1st Sunday After Christmas – December 26th – Year C
Gospel Lectionary Text
2:41 Now every year his parents went to Jerusalem for the festival of the Passover.
2:42 And when he was twelve years old, they went up as usual for the festival.
2:43 When the festival was ended and they started to return, the boy Jesus stayed behind in Jerusalem, but his parents did not know it.
2:44 Assuming that he was in the group of travelers, they went a day's journey. Then they started to look for him among their relatives and friends.
2:45 When they did not find him, they returned to Jerusalem to search for him.
2:46 After three days they found him in the temple, sitting among the teachers, listening to them and asking them questions.
2:47 And all who heard him were amazed at his understanding and his answers.
2:48 When his parents saw him they were astonished; and his mother said to him, "Child, why have you treated us like this? Look, your father and I have been searching for you in great anxiety."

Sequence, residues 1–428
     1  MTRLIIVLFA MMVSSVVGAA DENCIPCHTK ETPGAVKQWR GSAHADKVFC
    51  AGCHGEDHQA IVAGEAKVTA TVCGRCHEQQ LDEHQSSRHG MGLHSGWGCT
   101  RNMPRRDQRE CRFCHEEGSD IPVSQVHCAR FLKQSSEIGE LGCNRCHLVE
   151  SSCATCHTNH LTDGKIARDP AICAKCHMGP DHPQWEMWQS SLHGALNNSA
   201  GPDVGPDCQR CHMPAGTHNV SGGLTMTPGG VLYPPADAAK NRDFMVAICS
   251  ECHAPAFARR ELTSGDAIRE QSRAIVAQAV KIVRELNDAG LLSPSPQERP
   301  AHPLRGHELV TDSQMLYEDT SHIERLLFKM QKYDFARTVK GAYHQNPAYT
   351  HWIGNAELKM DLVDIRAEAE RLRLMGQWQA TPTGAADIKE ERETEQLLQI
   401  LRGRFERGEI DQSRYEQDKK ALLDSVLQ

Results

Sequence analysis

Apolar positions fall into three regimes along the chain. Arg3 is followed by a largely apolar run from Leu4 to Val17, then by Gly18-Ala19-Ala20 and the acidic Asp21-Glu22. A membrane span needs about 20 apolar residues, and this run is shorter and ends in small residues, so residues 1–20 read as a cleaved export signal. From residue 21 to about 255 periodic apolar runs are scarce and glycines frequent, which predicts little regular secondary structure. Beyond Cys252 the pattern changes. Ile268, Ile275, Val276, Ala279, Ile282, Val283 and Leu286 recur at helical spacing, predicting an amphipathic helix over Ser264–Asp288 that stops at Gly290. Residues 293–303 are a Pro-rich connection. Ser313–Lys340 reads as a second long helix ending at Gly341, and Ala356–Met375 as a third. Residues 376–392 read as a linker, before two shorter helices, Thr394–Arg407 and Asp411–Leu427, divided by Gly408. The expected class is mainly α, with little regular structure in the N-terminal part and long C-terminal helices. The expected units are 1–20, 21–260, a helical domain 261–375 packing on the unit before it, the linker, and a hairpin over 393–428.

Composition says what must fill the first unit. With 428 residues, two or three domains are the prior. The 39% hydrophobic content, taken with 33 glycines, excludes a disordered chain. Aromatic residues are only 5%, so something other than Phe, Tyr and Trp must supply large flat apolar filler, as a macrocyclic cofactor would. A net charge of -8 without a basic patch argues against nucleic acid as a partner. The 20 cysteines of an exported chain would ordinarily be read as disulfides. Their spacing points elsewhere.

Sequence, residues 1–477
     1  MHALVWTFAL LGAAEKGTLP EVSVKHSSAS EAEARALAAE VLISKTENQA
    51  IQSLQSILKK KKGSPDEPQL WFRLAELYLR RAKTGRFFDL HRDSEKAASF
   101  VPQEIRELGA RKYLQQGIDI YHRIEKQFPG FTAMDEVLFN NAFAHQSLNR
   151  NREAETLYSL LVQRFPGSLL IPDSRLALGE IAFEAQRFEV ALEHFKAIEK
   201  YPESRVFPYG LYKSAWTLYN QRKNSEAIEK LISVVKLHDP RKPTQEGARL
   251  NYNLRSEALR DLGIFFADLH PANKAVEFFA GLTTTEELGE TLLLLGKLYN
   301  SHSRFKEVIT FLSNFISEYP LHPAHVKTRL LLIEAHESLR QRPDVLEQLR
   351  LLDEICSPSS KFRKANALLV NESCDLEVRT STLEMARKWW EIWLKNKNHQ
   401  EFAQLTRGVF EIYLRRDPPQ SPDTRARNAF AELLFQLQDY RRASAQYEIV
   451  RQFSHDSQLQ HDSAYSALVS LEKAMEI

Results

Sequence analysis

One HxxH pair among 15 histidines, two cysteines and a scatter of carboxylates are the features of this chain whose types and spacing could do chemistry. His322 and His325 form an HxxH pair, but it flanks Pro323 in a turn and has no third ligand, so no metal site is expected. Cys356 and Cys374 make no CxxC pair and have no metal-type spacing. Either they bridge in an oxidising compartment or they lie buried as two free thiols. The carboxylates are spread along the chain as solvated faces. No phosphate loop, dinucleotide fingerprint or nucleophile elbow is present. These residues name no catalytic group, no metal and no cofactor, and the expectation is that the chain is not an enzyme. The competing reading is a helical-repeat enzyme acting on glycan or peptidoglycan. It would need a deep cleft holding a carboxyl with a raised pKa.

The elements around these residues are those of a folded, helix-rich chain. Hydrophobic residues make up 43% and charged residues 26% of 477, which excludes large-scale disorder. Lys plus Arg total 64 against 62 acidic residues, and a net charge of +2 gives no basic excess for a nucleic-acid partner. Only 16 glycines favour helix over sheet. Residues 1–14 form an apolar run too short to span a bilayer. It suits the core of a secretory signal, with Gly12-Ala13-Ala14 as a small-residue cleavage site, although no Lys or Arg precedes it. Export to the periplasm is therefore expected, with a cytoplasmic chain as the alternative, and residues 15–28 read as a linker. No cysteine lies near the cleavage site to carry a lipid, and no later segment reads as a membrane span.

2:49 He said to them, "Why were you searching for me? Did you not know that I must be in my Father's house?"
2:50 But they did not understand what he said to them.
2:51 Then he went down with them and came to Nazareth, and was obedient to them. His mother treasured all these things in her heart.
2:52 And Jesus increased in wisdom and in years, and in divine and human favor.
THE HUMAN BECOMING: A COUNTER-INTUITIVE JOURNEY TO GOD. (WEEKLY SMALL GROUP LITURGY)
Word from Below Reflections
By Ron Ruthruff |
I have always thought this to be an awkward Gospel story. Mary and Joseph lose their child and don’t realize it for a whole day! My sister has seven kids and forgot one at the mall once. But, Mary and Joseph only have one child—and they lost him? Talk about free-range parenting!
By Kris Rocke |
We’ve had a week to digest the Nativity Feast. The magic of Christmas finds its way into even the most resistant of souls because it comes so unobtrusively and with such openness, vulnerability, and without the slightest demand. Our souls leap almost involuntarily in the presence of the Incarnation. In it, we see our true…